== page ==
What the Heck is GDPR? (and How to Make Sure Your Blog Is Compliant)

What the Heck is GDPR? (and How to Make Sure Your Blog Is Compliant)

by Paul Long


Ever get that feeling that something’s just waiting to bite you on the ass?

A disturbance in the force that you just can’t put your finger on?

You’re sure it’s not your anniversary?

Your kid’s piano recital?

Maybe it’s the cable bill.


You can’t place what it is, but something’s waving a red flag.

For bloggers, that brain worm might just be the GDPR.

Niggling away at you like an unscratchable itch.

In a way, that’s good: You know enough about GDPR to be worried.

But in case you’re in the category of “blissfully unaware,” we’ll take a look at what the GDPR is all about.

And why it absolutely CAN affect you and your blog.

Disclaimer: I’m not a lawyer. The information below is absolutely not legal advice. But it might just save you a ton of worry and expense.

GDPR 101

GDPR is currently taking Europe by storm.

It’s the General Data Protection Regulation — a new data privacy law being introduced by the European Union — and it’s a bit of a game-changer.

It came into force on May 25, 2018.

Yep, that looming deadline might just be lighting up your radar.

It affects people across the globe, not just in Europe. And some forward-thinking folks have been working on preparing themselves for the last year or two.

Well done them. Straight to the top of the class.

But the truth of the matter is that many people have been just the slightest bit “mañana, mañana” about the whole thing.

Now that the countdown can be measured in days, some people are getting a touch, well, panicky.

It’s like that school assignment that you had a year to write.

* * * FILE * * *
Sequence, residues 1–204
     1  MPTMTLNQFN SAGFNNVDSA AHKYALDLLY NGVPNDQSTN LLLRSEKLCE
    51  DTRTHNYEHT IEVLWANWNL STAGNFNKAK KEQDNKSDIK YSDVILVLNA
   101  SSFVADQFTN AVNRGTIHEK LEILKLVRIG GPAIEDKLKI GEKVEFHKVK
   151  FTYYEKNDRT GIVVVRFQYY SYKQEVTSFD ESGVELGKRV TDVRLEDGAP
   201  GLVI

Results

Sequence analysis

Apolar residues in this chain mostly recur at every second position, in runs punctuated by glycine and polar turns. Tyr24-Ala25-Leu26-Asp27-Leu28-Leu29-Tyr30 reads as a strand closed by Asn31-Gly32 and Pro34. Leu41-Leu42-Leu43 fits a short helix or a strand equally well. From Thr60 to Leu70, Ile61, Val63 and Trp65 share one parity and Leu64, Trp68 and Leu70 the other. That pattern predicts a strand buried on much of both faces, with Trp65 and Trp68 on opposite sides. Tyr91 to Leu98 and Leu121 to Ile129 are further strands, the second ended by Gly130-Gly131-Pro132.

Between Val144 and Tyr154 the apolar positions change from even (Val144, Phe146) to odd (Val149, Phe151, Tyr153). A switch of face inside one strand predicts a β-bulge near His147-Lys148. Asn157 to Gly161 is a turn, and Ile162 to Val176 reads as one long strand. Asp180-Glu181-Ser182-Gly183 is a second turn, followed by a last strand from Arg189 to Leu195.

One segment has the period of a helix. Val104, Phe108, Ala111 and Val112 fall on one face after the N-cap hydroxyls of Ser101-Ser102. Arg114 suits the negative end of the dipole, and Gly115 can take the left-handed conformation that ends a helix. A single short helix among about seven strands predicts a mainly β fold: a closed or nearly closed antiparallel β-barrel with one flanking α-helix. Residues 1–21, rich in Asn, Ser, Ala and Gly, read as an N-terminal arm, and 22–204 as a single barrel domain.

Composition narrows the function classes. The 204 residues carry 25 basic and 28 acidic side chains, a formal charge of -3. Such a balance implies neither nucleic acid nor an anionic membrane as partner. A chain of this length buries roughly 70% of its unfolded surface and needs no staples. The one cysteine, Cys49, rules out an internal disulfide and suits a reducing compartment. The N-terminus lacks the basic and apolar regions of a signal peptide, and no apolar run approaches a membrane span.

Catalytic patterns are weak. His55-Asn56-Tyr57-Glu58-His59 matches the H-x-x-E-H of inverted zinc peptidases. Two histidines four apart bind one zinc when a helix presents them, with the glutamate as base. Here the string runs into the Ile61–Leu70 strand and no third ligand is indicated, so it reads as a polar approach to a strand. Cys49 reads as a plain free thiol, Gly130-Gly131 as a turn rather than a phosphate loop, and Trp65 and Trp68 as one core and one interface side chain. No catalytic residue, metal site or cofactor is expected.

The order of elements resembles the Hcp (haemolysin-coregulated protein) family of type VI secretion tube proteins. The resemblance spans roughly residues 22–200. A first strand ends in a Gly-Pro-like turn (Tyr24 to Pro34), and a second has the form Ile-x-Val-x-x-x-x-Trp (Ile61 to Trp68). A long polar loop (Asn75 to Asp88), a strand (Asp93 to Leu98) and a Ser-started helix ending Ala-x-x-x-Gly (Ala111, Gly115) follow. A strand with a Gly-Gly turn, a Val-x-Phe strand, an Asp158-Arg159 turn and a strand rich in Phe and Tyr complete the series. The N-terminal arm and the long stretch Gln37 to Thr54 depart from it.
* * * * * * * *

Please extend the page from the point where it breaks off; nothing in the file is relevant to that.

Here you are, “T-minus-one and counting,” and you’re staring at a blank page.

And that’s due, in no small part, to the fact that GDPR appears complex, and there are still some gray areas.

We are all struggling to interpret some of the details of the regulation.

But some things are clear — so in case GDPR is entirely new to you, let’s hit the basics.

The Five GDPR Basics You Absolutely Must Know

  1. It applies to anyone who processes “personal data” — Most obviously, that’s things like names, email addresses and other types of “personally identifiable information”;
  2. It creates significant new responsibilities — If you process personal data, you are now truly responsible and accountable for its security and the way it is used;
  3. It has a global reach — It might be an EU law, but it can apply to anyone, regardless of their location;
  4. It doesn’t just apply to traditional businesses — The principles are concerned with what you do with other people’s data, not who you are or why you do it;
  5. There are eye-watering fines for non-compliance — up to €20 million ($24m) or 4% of global revenue, whichever is higher.

So the GDPR’s scope is surprisingly wide-ranging. It could easily apply to you.

It gives data regulators powers to apply unprecedented financial penalties.